At the time, the small community of Salina was on the western edge of the Kansas frontier of what the Cheyenne considered their buffalo hunting territory. Tribal members were hostile to the whites moving onto the land. Jemima lived through fleeing from the Indian massacre scare 1862 while recuperating from another miscarriage and a bout of pneumonia. She helped her daughters escape when they were attacked by a knife- and gun-wielding bullwhacker. She was the one most proficient in home doctoring. She was often called upon to provide the right herbs and treatments for sickness and infections. If someone needed to be stitched up, they called upon Jemima to do it.

Now you know more about Grandma Mary’s oldest child, Jemima Benton, and the man she married, Sidney Atwell, let’s once again review the stories of their three children:

Kizzie Atwell in Kizzie’s Kisses by Zina Abbott:

Running from hostile Indians attacking Salina, Kansas in 1862, feisty Kizzie Atwell, Grandma Mary’s oldest grandchild, runs into freighter Leander Jones traveling the Smoky Hill Trail. He is as interested in her as his stallion is in her mare. The two join forces to prevent the Fort Riley Army captain from requisitioning their beloved horses for the cavalry. Avoiding bushwhackers and fighting off a thieving bullwhacker binds their bargain.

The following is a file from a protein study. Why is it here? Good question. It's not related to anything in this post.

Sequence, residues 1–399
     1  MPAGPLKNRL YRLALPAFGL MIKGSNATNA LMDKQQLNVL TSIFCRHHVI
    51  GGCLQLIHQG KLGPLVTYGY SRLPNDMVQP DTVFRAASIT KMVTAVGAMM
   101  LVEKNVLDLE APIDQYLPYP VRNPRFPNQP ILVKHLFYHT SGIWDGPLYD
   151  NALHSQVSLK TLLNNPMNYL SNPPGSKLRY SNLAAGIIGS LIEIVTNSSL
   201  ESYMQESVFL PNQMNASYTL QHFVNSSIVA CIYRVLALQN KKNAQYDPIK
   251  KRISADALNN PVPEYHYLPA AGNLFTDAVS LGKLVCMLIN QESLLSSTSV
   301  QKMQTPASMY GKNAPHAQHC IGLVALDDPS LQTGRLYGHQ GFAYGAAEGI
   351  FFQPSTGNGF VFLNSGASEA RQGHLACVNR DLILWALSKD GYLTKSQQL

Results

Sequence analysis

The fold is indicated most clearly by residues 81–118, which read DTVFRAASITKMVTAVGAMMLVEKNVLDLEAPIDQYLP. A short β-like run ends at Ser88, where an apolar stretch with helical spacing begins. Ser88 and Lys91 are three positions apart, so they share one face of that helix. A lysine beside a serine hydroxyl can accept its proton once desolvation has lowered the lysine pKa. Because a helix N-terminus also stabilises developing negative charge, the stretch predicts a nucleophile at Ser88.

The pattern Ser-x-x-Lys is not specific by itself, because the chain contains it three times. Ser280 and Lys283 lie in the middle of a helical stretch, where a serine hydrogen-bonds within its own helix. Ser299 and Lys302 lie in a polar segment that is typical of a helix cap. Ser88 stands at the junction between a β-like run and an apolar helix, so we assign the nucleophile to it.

In 1865, at the victory dance held at Fort Riley to celebrate the end of the Civil War, Kizzie is asked to participate in a fund-raiser to aid the Sanitary Commission helping injured and sick soldiers. It involves chaste sweetheart kisses in exchange for tickets purchased by officers and guests. As a contract freighter for the Army, Leander is invited. Much to Leander’s chagrin, before his chance to claim his kiss, Kizzie’s uncle steps in and puts an end to the kissing game.


Is Leander out of luck, or will the bargain Kizzie and Leander made three years earlier to save their horses lead to a more romantic bargain sealed with a kiss?

You may purchase Kizzie’s Kisses on Amazon by CLICKING HERE.


Jesse Atwell in Jesse’s Bargain by Kay P. Dawson: